“I was wearing Tweety Bird overall shorts, I think,” she said.
The woman said didn’t report it to police until 2011.
“I had watched a TV show, Law and Order: Special Victims Unit,” she testified. “There was a case on there that was exactly like what had happened to me.”
Ketcham started working in Allendale after being banished in 1989 from the mission field in Bangladesh over allegations of sexual misconduct — allegations covered up for years by the Association of Baptists for World Evangelism.
At first, the Ottawa County sheriff’s department, not aware of the old allegations, didn’t pursue the local victim’s case.
But detectives reached back out to her after Target 8 told the stories of five women allegedly molested by Ketcham in Bangladesh.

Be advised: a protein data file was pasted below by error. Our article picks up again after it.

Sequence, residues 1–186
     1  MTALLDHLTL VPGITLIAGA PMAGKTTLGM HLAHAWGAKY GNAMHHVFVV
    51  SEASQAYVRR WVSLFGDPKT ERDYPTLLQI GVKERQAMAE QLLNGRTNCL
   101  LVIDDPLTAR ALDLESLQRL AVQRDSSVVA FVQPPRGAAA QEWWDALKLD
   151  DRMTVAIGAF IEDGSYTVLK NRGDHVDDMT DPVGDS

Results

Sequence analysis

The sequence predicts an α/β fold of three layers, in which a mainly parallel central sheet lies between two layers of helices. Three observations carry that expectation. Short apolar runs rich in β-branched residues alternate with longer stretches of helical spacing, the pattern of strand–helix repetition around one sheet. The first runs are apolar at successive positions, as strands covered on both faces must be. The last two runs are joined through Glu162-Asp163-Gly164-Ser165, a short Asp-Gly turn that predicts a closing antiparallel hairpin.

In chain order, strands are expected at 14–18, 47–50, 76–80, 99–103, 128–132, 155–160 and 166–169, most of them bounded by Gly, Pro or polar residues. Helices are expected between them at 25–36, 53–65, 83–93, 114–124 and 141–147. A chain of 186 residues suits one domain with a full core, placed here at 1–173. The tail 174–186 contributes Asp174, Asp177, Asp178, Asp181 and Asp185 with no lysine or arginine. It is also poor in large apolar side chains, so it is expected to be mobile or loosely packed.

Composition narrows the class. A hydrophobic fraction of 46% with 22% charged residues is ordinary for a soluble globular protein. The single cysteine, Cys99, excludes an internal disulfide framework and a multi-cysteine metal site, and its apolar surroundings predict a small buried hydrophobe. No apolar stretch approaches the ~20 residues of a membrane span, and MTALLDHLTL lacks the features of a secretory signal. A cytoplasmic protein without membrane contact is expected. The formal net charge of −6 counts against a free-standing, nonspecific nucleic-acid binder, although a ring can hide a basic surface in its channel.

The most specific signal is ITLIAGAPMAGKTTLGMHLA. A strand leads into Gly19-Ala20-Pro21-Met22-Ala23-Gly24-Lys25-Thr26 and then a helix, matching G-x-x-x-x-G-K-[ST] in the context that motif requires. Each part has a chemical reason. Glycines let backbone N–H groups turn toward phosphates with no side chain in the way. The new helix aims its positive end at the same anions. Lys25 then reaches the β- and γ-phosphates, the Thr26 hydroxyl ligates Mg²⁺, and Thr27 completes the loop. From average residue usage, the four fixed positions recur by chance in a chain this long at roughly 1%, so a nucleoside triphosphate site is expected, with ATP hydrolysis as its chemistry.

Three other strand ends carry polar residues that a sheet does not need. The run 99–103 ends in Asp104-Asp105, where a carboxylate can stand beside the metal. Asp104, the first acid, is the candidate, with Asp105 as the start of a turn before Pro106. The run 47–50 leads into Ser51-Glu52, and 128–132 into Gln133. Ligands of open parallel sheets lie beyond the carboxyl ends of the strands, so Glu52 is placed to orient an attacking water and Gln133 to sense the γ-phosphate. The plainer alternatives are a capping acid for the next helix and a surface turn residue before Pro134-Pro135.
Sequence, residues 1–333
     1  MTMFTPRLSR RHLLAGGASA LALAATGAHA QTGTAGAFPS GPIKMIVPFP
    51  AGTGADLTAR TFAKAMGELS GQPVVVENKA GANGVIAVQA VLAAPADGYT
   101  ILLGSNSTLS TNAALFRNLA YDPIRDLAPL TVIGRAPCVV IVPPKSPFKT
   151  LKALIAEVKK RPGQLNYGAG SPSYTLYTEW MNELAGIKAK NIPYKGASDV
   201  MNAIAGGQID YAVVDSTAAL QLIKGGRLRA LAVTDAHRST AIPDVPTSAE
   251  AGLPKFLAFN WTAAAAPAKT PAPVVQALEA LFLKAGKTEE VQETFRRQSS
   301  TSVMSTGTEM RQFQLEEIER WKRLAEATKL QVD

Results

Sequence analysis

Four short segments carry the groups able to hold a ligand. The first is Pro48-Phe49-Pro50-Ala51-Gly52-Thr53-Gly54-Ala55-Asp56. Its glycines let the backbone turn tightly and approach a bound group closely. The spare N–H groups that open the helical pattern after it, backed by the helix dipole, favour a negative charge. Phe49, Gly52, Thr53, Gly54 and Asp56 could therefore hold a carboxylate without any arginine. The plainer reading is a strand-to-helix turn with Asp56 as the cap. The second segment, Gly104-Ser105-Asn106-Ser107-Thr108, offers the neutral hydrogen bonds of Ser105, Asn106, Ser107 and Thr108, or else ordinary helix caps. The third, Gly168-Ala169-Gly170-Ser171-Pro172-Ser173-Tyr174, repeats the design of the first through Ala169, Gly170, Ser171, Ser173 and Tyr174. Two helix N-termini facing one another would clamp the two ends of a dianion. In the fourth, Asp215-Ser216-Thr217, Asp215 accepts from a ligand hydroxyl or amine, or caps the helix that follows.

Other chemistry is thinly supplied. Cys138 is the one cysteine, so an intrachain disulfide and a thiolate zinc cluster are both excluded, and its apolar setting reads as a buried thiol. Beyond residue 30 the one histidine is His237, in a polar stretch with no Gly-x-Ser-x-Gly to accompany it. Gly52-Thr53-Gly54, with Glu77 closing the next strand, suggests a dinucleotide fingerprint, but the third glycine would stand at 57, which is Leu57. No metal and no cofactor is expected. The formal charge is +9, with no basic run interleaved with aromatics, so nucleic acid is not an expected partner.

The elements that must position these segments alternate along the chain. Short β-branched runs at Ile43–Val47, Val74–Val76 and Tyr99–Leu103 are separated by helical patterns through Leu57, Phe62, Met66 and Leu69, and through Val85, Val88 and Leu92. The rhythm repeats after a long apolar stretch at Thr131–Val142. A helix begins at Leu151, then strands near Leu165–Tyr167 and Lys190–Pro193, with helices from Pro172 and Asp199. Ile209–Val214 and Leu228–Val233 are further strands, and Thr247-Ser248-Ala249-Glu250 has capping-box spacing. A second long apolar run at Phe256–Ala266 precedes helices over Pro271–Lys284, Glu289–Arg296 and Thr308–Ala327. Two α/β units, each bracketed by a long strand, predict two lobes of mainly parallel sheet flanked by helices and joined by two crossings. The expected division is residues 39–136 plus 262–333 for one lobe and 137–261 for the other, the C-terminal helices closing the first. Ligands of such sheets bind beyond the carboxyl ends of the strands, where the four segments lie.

They said it happened when they were young girls, usually under the guise of medicine, some with their mothers in the room.
Carol Finlayson, the owner of Allendale Family Practice, testified for the defense on Friday. She said she started working with Ketcham in 1989 or 1990 at a nearby medical center. She said never heard a complaint about Ketcham.
“We had a wonderful working relationship,” Finlayson said. “He was admired; he was well-liked.”
Finlayson, a certified nurse practioner, said she treated the alleged victim for years as a child. She said she often came in for “minor issues” and said she never complained about Ketcham.
On Friday, Ketcham’s attorney questioned the local victim’s memory. The woman has been diagnosed with anxiety, depression and a medical condition that affects short-term memory.
“Do you think maybe the confusion or the memory problems might have muddled the TV show and reality?” defense attorney Matthew Borgula asked her.